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Tasty sushi inspires new grip from veteran bike fitter and biomechanist Sean Madsen

Published October 12, 2017

BOULDER, Colo. (BRAIN) — Sean Madsen, who has developed bike fit systems and products for the Boulder Center for Sports Medicine and Specialized's Body Geometry line, is launching his own mountain bike grip on Kickstarter.

Madsen's Sushi Grip design was inspired by the tapered shape of sushi hand rolls. The grips taper toward the outside to allow all fingers to wrap around the grip for a secure connection, while a flat platform on top distributes pressure across the palm. The grip also has a vertical "wing" at the outside end, which extends above and below the bar. The wing allows the rider to securely apply pressure on the inside bar while cornering. 

Cutaway showing the Sushi Grip's internal structure.

In order for the grip to taper to a diameter smaller than a handlebar, it extends 65 millimeters past the bar's end, requiring a narrower bar to produce the same width a rider is familiar with. Madsen plans to offer narrower handlebars as well as instructions on cutting bars to fit. He also noted that with a trend toward wider bars, some riders may just prefer the extra width. The section of the grip that extends past the handlebar end has an internal structure made from reinforced nylon, with a soft cover.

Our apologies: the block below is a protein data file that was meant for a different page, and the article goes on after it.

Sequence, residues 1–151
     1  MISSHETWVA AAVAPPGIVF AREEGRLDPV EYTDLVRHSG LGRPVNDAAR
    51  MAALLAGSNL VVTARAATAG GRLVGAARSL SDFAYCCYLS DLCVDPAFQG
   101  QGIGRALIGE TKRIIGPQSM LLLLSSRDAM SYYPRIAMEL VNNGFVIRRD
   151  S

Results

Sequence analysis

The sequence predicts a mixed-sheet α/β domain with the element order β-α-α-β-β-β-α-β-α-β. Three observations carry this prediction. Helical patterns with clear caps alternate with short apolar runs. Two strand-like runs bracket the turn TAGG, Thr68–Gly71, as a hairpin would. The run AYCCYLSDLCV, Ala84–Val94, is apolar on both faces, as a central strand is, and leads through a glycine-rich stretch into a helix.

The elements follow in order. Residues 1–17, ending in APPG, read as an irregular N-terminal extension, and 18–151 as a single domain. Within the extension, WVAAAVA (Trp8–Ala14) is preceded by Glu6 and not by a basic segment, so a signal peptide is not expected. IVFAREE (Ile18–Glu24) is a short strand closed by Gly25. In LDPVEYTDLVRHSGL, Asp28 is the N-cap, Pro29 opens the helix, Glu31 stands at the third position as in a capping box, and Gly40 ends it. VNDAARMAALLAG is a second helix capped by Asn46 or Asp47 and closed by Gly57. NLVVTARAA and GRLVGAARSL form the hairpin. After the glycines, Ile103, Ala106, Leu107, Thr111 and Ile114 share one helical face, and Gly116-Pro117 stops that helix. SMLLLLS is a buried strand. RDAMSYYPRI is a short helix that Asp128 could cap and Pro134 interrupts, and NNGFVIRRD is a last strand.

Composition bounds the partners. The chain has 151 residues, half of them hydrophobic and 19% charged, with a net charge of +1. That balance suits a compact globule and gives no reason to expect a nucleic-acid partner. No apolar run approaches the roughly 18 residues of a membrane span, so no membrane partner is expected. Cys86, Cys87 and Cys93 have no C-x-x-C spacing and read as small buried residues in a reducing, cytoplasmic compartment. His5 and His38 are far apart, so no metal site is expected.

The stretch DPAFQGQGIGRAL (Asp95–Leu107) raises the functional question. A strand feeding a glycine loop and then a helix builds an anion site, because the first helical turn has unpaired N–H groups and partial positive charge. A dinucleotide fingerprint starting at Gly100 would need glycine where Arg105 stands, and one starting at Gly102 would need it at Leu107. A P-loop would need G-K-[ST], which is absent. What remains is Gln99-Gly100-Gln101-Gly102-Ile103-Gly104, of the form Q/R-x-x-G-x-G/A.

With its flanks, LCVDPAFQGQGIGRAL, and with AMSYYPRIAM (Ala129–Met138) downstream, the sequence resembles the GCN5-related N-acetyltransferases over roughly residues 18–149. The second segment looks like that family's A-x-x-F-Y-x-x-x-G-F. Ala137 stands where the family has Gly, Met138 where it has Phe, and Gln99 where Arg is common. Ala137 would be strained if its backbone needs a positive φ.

Madsen was the chief biomechanist at BCSM and has performed bike fits for thousands of riders, including top pro road racers and triathletes. After leaving BCSM he joined Specialized and helped developed Body Geometry products. He left Specialized two years ago and launched a bike fitting company, Bike Fitting Solutions, last year. He's continuing the bike fitting company and has moved back to Boulder from California.

Madsen hopes to raise $57,500 in the Kickstarter campaign, which began this month. He said the money raised will go to the final design drawings, fabrication of molds, and the first production run, which would be done in Colorado in January and early February 2018. He hopes to deliver grips to Kickstarter backers around March 1 next year. Backers are promised a set of grips for a $40 pledge, or can get grips and handlebars with larger pledges. 

Madsen said that after the Kickstarter orders are fulfilled, he plans to sell the grips consumer direct and through IBD channels. "Pricing will be a set MAP to the rider, whether bought online or in a shop. Actual production costs are still undefined, so I can't quote the exact margin I will offer the IBD," he told BRAIN.

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